Just when you think the inflammatory rhetoric over immigration in the presidential campaign couldn’t get any worse, it somehow goes from really bad to just plain old stupid.
Republican presidential hopeful Donald Trump started the horrible scapegoating, labeling Mexican immigrants criminals and proposed to build a fence along the entire U.S.-Mexican border, which he somehow will get Mexico to fund.
Not to be outdone, Wisconsin Gov. Scott Walker, who’s also seeking the Republican nomination for president, is proposing security reviews along the 5,525-mile U.S. border with Canada with a wall not being out of the question. Both candidates point to U.S. problems with illegal immigration and possible terrorist threats.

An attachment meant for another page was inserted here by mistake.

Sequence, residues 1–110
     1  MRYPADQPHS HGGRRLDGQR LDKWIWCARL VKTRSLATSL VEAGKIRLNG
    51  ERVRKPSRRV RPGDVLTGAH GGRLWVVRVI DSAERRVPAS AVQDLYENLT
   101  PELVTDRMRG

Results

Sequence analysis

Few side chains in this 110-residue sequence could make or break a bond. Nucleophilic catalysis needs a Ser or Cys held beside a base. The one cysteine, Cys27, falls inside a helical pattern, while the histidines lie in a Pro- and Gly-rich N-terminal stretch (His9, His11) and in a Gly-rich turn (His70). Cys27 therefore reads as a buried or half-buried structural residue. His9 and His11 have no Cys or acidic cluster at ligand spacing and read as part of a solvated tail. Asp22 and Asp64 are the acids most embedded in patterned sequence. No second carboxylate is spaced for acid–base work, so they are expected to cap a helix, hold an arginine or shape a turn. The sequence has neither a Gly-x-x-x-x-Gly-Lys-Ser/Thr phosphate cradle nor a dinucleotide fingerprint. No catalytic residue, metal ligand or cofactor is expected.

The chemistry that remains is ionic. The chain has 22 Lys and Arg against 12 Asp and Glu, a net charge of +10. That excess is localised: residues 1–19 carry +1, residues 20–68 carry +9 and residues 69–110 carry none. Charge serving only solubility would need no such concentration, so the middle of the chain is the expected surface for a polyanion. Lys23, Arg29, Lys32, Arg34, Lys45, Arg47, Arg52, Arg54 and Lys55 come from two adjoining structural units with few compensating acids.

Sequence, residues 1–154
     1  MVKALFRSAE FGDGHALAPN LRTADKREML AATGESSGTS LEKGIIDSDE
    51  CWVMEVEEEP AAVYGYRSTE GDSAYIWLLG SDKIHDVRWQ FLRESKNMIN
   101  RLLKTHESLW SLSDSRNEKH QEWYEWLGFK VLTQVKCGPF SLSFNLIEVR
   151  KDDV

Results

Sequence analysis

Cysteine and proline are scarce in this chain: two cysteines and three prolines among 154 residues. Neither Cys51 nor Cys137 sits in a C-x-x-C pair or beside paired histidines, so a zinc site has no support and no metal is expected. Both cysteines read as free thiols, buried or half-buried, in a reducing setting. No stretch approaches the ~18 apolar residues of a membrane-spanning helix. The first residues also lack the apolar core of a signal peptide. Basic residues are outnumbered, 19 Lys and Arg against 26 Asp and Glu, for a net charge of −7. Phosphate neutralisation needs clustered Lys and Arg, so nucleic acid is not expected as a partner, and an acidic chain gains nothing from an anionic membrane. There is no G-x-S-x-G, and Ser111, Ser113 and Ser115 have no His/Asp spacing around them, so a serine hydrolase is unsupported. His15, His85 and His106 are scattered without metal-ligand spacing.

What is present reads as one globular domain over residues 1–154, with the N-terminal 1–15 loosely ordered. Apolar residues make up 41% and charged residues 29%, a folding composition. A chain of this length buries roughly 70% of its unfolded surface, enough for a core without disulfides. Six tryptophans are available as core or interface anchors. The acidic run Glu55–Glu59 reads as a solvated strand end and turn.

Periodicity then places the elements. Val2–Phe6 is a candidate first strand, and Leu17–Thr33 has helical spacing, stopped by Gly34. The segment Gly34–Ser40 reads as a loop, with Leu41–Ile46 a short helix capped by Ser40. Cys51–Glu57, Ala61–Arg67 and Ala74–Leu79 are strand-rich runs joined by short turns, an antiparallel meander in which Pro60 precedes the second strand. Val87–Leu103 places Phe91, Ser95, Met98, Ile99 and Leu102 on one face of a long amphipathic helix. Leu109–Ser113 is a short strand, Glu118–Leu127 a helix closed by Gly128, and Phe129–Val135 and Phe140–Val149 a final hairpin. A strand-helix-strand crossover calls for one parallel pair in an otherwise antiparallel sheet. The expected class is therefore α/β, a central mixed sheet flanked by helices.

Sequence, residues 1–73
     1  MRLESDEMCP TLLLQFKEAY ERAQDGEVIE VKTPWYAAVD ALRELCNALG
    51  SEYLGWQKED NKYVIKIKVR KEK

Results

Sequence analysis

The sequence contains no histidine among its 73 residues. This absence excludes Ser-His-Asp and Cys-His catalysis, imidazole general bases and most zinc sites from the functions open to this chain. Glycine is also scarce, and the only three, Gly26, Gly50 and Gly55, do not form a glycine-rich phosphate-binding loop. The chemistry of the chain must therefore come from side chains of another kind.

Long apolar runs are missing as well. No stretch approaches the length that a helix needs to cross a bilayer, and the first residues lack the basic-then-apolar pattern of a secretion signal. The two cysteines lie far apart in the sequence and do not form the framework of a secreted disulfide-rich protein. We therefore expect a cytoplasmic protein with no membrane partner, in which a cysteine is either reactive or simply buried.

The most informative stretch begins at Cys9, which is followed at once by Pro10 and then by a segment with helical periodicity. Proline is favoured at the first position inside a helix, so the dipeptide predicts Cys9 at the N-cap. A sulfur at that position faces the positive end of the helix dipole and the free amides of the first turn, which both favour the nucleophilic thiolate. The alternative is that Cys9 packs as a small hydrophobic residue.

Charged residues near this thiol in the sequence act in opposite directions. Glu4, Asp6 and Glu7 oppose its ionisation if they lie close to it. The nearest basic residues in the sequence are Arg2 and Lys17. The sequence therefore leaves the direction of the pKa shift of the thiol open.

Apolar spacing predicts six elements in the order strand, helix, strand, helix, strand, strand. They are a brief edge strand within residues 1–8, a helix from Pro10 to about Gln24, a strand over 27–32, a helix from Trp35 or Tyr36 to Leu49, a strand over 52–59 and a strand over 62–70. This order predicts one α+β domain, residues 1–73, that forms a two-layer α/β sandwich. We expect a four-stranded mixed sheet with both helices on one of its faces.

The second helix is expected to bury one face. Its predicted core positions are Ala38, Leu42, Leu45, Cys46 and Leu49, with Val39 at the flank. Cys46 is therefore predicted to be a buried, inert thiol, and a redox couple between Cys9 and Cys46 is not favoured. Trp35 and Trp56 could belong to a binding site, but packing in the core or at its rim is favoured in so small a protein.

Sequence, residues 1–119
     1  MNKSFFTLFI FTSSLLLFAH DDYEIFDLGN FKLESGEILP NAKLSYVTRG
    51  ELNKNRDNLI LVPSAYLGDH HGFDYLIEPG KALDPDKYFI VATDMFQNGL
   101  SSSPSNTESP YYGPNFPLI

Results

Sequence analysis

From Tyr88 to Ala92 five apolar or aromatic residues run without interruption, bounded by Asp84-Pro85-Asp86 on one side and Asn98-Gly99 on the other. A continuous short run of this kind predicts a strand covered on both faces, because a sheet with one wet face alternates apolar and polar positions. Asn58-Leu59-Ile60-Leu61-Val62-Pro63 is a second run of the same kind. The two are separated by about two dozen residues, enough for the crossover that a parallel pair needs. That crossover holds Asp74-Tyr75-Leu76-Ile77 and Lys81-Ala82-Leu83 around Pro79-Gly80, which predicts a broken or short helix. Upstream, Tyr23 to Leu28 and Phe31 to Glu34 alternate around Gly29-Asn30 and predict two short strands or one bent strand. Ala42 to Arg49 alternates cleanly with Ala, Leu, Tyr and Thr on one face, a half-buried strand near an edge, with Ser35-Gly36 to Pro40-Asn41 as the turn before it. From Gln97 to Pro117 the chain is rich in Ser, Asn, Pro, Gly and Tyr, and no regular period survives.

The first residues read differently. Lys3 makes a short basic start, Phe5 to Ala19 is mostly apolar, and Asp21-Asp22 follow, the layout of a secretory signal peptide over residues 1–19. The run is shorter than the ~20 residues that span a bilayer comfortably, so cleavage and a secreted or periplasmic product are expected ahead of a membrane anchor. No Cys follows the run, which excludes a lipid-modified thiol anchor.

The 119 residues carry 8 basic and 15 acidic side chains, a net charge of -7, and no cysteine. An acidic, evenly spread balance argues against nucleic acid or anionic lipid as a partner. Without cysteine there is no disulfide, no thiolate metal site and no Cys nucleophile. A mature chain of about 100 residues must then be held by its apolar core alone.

What’s next, seawalls with razor wire along U.S. coasts where beaches attract tourists now?
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Not to be left out, New Jersey Gov. Chris Christie, who’s also campaigning for the White House in 2016, wants the government to use FedEx technology to track foreign visitors the way FedEx keeps tabs on packages. Imagine all visitors to the U.S. getting microchips implants when they go through customs.
All of this is aimed at countries that are the United States’ top trading partners. The ramped-up anti-immigration campaign rhetoric is occurring as the U.S. Census Bureau reports that China and India have overtaken Mexico as the countries where most of the immigrants to the U.S. are coming from.
Of the 1.2 million newly arrived immigrants in 2013 numbers to the U.S. — legally and illegally — 147,000 came from China, 129,000 from India and 125,000 from Mexico, The Associated Press reports. That’s different from 2000 when 402,000 were from Mexico and about 84,000 each were from China and India.